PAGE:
Commentary: Murdered soldier's parents know 'don't ask, don't tell' is wrong

An adequate adjective doesn’t exist to describe this husband and wife’s Tuesday.

The word would have to capture too much: The unrelenting trauma of their son’s murder. Nearly a dozen years of pleading unsuccessfully with military leaders and Congress to repeal “don’t ask, don’t tell.” And their plain-spoken yet consistent drive to push back ignorance about gays and lesbians.

The wife, Pat Kutteles, settled on “tired.”

Her husband, Wally Kutteles, noted “there are just so many little things that people don’t know.”

He’s burdened by the many details stemming from 1999, when their son was beaten in the head with a baseball bat as he slept on a cot at Fort Campbell, Ky. Other soldiers had accused Pfc. Barry Winchell of being gay. “Don’t ask, don’t tell” didn’t protect Winchell and inadvertently gave cover for his attacker’s views.

Two phone calls Tuesday ignited their emotions again.

The first came from a gay rights advocate saying that a much-anticipated survey of the military rank-and-file had been released. The news confirmed what they have long believed: that a majority doesn’t expect negative repercussions if the military lifts the ban on gays serving openly.

The second call was from the U.S. Department of Justice, notifying them of the Dec. 6 parole hearing for a soldier sentenced for the murder of their 21-year-old son.

So it is time to gird.

For the parole hearing, to construct written pleas to keep the solider imprisoned.

And for testimony today and Friday from military officials who will address Congress. They’ll learn if the survey was successful in forcing resistant military and congressional leaders to shrink from unsubstantiated claims about the 17-year-old policy.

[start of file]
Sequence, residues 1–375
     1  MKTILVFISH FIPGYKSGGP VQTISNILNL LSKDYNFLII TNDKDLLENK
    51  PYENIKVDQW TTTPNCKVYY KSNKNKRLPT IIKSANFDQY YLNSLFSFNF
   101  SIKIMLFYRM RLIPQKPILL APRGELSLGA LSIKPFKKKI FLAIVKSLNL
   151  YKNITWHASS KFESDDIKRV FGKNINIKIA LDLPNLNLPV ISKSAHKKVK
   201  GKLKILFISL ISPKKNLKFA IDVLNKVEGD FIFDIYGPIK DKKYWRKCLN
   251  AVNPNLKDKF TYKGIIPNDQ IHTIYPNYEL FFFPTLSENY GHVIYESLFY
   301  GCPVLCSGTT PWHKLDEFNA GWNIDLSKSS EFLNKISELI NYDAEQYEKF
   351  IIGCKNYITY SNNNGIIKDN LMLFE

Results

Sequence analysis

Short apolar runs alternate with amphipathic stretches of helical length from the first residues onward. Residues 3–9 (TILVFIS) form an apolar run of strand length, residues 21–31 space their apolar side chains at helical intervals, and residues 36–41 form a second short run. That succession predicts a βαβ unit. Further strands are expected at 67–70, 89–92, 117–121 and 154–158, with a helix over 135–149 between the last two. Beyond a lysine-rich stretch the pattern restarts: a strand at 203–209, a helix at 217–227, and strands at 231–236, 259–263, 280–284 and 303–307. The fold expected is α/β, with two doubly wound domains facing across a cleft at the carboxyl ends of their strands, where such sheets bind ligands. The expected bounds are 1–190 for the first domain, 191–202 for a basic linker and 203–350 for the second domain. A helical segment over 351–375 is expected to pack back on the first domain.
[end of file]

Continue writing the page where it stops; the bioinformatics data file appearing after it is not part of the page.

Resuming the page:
For the South Kansas City couple, repealing “don’t ask, don’t tell” is pretty basic.

“I don’t understand why they have to be quiet about who they are or what their sexuality is and yet be put on the front lines to fight for our freedoms,” Pat said.

Said Wally: “I think bigotry is nothing but a weak person’s imitation of strength.”

His wife cried driving home from work Tuesday. Then, she told herself to focus. “You have to pull yourself together and find a solution.”

So they are strategizing with gay rights advocates. And thinking about next March, when they may have to show up once again in U.S. Senate offices to lobby.

Both vowed: “I refuse to give up until it’s done.”

No American family should have to steel against such a backlash to changing an increasingly groundless policy.

Not when common sense should have prevailed long ago.